CS 371, Fall 2001
Lab 4b: PHP and MySQL, Part 2

The lab this week continues the study of MySQL and PHP. The basic techniques that you will need for the lab are the same as those that were covered in Part 1 of the lab. However, as mentioned in class, we will apply them to a new project: providing a basic "web counter service." We will continue to use this example next week, when we will cover the idea of sessions in PHP.

The directory /home/cs371/webcount contains some files that you will need for this lab. You should copy this directory into your public_html directory with a command such as

            cp  -r  /home/cs371/webcount  ~/public_html

I encourage you to work on this week's lab in groups of two, three, four, or five people. Larger groups will have to do proportionately more work. There is more information on this later in the lab.

For this project, "Web counter" means a number that appears on a Web page. Every time the page is loaded, the number is supposed to go up by one. The number is actually an image, which is generated by the PHP script webcount.php. (For the source code of this script, click here.) In fact, the counter really counts hits on the image rather than on the Web page. For example, if a user visits the page using a text-only Web browser such as Lynx or w3m, the image won't be loaded and the hit won't be counted. Here is an example of a Web counter:

For the Web counter project, you will have to keep track of "users" who have usernames (which are assumed to be email addresses) and passwords. Users are identified internally in the database by user ID numbers. Data about users is stored in a table named "users" that has columns for the user ID, email address, and password. A user can own can own one or more web counters. A Web counter can be used to keep track of the number of visits to a Web page. Each Web counter will be identified by a unique ID number in your database. Associated with that ID are: the user who owns the counter, the current value of the counter (which goes up by one each time the page is visited), and a timestamp that records the most recent time the page was visited. There is also a short info string that the user can set to any value (with the suggestion that it be set to the URL of the page on which the counter is being used). The data for the counters is stored in a database table named "counters".

I have already created the "users" and "counters" tables in your database on cslab9, using the following CREATE TABLE statements:

             CREATE TABLE users (                            
                userid INT PRIMARY KEY AUTO_INCREMENT,       
                email VARCHAR(75) NOT NULL,                 
                password VARCHAR(16) NOT NULL,                
                preferences VARCHAR(20),                   
                UNIQUE (email)                               

             CREATE TABLE counters (
                userid INT NOT NULL,
                counter INT NOT NULL,
                accessed TIMESTAMP,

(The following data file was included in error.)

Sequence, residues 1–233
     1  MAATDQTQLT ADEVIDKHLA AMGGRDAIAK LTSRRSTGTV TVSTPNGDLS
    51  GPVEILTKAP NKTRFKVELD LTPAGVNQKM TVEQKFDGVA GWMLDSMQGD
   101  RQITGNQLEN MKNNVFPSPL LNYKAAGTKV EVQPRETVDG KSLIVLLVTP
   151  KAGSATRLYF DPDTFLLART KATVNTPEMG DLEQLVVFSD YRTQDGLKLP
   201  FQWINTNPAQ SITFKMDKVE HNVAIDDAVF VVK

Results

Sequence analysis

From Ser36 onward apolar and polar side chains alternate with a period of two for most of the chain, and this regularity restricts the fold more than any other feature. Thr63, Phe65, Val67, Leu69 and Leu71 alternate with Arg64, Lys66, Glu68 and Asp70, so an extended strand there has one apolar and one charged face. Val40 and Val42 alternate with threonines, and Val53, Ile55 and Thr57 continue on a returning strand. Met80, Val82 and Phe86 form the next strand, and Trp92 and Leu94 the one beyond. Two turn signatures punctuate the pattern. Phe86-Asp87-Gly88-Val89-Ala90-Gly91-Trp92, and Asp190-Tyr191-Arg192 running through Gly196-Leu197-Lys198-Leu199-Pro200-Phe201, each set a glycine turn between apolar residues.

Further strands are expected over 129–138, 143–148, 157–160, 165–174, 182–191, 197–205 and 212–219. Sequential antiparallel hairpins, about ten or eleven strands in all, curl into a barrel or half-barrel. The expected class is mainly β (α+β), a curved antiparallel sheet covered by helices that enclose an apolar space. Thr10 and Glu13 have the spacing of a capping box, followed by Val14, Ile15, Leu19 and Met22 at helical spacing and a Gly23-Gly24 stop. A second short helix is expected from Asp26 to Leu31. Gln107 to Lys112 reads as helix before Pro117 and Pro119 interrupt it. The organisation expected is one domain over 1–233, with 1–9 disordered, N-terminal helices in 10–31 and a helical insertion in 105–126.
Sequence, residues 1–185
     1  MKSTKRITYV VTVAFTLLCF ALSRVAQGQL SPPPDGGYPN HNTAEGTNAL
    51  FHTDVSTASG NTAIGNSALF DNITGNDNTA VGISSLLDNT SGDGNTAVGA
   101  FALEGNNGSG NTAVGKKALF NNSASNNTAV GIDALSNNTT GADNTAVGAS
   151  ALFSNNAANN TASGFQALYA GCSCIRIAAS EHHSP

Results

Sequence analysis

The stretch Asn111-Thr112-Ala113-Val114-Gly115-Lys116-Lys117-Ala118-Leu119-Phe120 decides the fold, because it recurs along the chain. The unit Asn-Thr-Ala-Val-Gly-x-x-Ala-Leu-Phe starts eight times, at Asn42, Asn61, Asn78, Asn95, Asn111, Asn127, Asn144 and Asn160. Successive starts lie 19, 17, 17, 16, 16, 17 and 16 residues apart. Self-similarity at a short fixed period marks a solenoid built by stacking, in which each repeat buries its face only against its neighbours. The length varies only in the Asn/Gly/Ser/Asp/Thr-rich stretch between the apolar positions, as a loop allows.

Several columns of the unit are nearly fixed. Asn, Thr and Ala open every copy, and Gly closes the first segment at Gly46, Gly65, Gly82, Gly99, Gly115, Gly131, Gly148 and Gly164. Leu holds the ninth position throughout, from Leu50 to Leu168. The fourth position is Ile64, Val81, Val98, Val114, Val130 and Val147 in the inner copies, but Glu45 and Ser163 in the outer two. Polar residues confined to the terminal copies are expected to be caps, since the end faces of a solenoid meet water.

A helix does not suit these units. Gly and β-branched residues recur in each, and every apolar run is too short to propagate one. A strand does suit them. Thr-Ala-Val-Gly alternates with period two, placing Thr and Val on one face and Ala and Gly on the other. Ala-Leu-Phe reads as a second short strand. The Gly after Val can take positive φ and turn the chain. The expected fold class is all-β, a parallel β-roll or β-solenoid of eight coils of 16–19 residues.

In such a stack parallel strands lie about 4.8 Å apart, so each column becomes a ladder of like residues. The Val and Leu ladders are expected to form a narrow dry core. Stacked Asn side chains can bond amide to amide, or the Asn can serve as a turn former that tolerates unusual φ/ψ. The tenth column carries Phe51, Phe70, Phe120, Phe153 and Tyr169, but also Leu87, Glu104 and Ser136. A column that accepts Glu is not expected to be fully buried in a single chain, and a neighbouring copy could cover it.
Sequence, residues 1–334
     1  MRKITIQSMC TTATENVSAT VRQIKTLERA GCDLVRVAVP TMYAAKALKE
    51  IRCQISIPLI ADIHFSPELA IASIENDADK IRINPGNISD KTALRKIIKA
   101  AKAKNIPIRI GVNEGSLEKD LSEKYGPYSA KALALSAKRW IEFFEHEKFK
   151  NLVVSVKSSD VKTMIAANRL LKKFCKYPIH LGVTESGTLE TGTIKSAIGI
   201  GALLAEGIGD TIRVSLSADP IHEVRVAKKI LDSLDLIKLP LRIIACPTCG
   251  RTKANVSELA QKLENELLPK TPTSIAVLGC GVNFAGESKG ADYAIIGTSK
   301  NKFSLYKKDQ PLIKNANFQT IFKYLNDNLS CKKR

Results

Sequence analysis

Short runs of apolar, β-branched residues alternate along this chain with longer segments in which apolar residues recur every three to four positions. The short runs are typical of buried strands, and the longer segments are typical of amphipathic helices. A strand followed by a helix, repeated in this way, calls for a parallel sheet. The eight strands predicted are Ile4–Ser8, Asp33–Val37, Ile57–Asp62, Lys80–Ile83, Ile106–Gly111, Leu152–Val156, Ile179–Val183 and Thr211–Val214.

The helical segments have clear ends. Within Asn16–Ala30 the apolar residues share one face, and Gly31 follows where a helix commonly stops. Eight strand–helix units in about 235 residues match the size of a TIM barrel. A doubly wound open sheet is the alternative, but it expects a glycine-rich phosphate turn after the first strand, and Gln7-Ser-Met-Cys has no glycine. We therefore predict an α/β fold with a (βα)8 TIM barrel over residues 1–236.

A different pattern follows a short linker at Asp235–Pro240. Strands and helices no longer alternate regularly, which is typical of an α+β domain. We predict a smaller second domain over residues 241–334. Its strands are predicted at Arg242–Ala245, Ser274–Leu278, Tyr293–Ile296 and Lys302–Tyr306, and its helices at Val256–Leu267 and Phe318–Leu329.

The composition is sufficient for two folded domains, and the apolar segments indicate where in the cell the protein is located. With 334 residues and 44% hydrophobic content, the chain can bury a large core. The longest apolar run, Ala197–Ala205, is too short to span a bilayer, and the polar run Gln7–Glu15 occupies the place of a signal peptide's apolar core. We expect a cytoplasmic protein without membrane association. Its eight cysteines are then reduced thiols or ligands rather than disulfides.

info VARCHAR(100),
                preferences VARCHAR(20),
                INDEX (userid)

In addition to the fields mentioned above, I've added a "preferences" field to each table, with the idea that this field could be used to store coded user preferences such as a color scheme for a web counter. There is one new field in the users table: "UNIQUE (email)" is similar to "INDEX (email)" but it also ensures that no two rows in the table can have the same value for email. If you try to do an INSERT operation with an email address that duplicates one that is already in the table, a MySQL error will occur and the INSERT operation will fail.

To implement the web counter service, you need at least two capabilities: It must be possible for a new user to get an account, and it must be possible for a user who already has an account to request a Web counter. The basic assignment for this lab is to write two PHP scripts to provide these capabilities. If you are working in a group, the group will have to provide other capabilities such as making it possible for the user: to view all his Web counters; to change his password; if he forgets his password, to have it emailed to him; to delete a counter from the database; to reset a counter to zero.

I have already written a Web page that you can use for your project. It is in the webcount directory with the name index.html. (Click here to see it.) The page contains two HTML forms to invoke the two basic scripts. You can use this page as is or modify it if you like. If you are working in a group, you can add additional forms to this page or you can provide multiple pages.


You should have a copy of the webcount directory in your public_html directory. (See the second paragraph of this worksheet.) Begin by editing the webcount.php script so that it uses your username, password, and database instead of mine. Then you can start work on your own scripts. Note that all scripts that you write should be reasonably robust. They should detect errors and report them to the user. Here is a list of the things that you can do. Everyone should do items 1 and 2. A group of N people working together should do at least N+1 items from this list, including items 1 and 2. (If you have better ideas for features that you want to add instead of these, discuss them with me.)